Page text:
I founded Amarok Adventures, an outdoor adventure guiding service for mountaineering and hiking with my partner Mónica. We are both mountain and glacier guides that belong to the AIMG (Association of Icelandic Mountain Guides); Mónica is also licensed through the Union of International Mountain Leader Associations (UIMLA ). We’ve been guiding clients all over the world for over ten years, including the Annapurna Circuit Trek in Nepal, Iceland and the Faroe Islands. Hiking the hidden trails of Iceland is one of my favorite adventures to guide, but hiking and sailing in the Faroe Islands on a whole other level, and in my opinion, the best way to get to know these islands. All the culture, history and traditions are connected to the island’s nature. No matter where you are in the archipelago, you can feel the force of the sea and smell the sea salt and grasses. It’s unlike anywhere else I’ve been.

After our first trip to the Faroe Islands a few years ago, Monica and I wanted to design a trip to the archipelago by connecting our hiking ethos with the ocean the Faroese culture is built around. We got in touch with Faroese local Frank Djurhuus Jakobsen, who runs the operations of the sailboat Norðlýsið sailboat with a team of experienced skippers. Frank and his sailboat were key in making this adventure possible. We joined forces and created an eight-day hiking and sailing expedition to bring travelers to discover the furthest reaches of this wild place.

The Norðlýsið sailboat sleeps up to 50 and is ideal for navigating the unpredictable waters. Photo by Bjartur Thomsen

The Nordic Light created a new industry in the Faroe Islands

Visitors can explore the furthest reaches of this volcanic archipelago thanks to a historic sailboat that acts as transportation and temporary homebase. Norðlýsið, also called the Nordic Light, is a vessel built for the Faroese fishing industry. The boat was delivered to its owners in May 1945, the day World War II ended. With that historic day as its birthday, Norðlýsið has to be a lucky ship. During its 39 years as a fishing vessel, the ship used this luck to benefit the island. The skipper of the sailboat felt compelled to take action one year when bait was scarce resulting in poor catch for this vital industry. He gathered some nets and went out fishing for herring to use bait. The skipper found out the population of herring was immense. This changed the whole industry and became the new basis of the Faroese economy. Herring became crucial for the Faroese people in the ‘50s and ‘60s.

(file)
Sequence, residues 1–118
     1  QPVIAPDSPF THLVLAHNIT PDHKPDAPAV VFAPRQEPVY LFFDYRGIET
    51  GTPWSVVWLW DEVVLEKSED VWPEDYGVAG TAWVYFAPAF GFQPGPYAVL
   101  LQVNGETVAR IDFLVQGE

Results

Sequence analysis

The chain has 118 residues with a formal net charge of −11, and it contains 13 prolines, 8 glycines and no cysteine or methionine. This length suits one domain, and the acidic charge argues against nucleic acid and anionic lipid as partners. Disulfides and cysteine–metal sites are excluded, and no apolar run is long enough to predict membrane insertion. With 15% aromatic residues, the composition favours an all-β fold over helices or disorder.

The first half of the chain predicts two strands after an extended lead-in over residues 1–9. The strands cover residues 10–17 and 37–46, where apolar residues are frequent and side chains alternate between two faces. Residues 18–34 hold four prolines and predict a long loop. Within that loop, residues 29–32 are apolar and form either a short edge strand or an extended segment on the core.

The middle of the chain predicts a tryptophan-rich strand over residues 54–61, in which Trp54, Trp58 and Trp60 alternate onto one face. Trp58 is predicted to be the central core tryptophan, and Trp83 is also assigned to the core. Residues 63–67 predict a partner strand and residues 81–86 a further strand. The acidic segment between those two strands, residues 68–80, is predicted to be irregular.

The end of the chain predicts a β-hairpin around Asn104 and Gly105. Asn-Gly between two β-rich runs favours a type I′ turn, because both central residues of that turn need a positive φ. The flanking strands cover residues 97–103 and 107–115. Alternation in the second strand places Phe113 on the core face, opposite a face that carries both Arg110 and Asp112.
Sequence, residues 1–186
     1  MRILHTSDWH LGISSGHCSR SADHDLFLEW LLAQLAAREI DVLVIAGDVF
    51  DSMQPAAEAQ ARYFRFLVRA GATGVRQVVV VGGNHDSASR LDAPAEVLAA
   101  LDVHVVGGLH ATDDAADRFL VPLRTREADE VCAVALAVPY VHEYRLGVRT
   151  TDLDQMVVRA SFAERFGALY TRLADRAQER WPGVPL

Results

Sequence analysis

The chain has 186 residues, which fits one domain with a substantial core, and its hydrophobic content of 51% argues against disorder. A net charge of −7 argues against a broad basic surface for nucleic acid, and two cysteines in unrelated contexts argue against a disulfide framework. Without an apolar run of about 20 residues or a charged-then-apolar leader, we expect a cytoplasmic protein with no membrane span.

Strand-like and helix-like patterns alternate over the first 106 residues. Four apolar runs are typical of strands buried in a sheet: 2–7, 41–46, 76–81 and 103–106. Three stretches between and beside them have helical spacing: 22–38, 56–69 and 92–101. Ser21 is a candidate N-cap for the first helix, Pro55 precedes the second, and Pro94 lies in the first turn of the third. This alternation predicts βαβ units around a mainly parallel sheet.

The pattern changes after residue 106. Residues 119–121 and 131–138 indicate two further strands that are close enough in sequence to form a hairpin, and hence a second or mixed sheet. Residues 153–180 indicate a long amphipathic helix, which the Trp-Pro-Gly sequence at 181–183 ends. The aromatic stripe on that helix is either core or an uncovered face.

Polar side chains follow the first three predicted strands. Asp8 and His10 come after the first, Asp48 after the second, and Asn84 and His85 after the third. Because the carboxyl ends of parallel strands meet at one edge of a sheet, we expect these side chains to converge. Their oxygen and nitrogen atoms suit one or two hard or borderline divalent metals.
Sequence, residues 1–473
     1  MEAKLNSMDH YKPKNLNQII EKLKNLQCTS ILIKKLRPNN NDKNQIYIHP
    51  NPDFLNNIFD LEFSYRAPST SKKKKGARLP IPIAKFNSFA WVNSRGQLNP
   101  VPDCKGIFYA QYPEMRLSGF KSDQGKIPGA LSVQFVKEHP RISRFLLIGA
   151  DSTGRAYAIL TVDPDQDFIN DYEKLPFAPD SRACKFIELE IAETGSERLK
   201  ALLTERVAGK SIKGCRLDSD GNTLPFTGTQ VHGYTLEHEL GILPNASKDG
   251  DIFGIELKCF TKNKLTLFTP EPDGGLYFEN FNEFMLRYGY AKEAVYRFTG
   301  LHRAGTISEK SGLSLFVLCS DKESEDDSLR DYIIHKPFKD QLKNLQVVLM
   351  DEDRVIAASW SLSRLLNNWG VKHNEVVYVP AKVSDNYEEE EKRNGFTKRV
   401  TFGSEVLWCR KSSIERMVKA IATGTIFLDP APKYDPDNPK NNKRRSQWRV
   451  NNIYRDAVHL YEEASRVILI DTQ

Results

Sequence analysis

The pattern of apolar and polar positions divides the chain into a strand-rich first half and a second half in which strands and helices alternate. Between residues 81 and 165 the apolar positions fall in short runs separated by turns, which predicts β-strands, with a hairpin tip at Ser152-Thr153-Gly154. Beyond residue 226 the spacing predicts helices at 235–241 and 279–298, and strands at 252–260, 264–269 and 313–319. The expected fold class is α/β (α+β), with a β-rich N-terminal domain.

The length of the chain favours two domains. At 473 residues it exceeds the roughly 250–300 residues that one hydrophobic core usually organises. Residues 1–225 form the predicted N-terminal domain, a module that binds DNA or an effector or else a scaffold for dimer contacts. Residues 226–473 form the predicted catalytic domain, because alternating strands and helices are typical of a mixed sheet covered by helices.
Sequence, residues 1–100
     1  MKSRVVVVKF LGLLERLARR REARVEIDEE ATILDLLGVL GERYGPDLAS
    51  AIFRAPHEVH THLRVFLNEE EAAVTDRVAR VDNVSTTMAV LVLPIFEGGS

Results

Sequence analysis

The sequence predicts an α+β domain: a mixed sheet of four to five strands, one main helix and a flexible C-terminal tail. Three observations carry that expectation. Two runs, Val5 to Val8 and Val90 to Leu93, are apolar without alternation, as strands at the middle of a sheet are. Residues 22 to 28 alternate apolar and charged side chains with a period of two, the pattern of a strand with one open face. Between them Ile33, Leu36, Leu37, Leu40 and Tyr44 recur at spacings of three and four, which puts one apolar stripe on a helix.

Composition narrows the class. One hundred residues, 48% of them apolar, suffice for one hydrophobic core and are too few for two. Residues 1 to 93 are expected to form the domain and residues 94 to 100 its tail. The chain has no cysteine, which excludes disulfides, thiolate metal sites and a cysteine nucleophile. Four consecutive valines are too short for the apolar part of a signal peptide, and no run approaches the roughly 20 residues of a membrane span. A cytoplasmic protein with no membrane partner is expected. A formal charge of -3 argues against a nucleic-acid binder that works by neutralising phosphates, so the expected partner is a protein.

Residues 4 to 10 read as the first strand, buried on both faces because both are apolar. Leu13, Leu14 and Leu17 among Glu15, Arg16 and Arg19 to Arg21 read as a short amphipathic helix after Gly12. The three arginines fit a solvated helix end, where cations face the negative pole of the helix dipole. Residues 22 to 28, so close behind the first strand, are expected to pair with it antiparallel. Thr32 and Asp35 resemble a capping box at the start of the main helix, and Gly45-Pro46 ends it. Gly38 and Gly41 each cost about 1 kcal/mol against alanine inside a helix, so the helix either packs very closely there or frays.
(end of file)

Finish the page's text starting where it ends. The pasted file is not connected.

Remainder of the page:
Norðlýsið gains a new life thanks to Faroese artist Tróndur Pætursson

After being a crucial part of the fishing industry, Norðlýsið fell out of use. The Faroese artist Tróndur Pætursson fell in love with Norðlýsið and asked the owner to sell him the ship. He had a vision to rebuild it, making it not only aesthetically pleasing with new sails but easier to handle with a smaller crew. The owner, however, wouldn’t part with the Norðlýsið. After the owner’s passing, the son delivered an envelope to Pætursson explaining all the artist had to pay for was the ship’s harbor fees. Seven years of hard work later, the restored ship became reality. It’s now been used for tourism since the ‘90s, and is beloved by locals and visitors alike. Sailing aboard Norðlýsið is a real pleasure. It takes a hearty ship to navigate the demanding seas of the Faroe Islands. Norðlýsið was brought onto dry land in 2020 for maintenance work and upgrades to make this trip even more comfortable. This is an old ship with a soul that needs to be respected. The improvements are felt, not seen.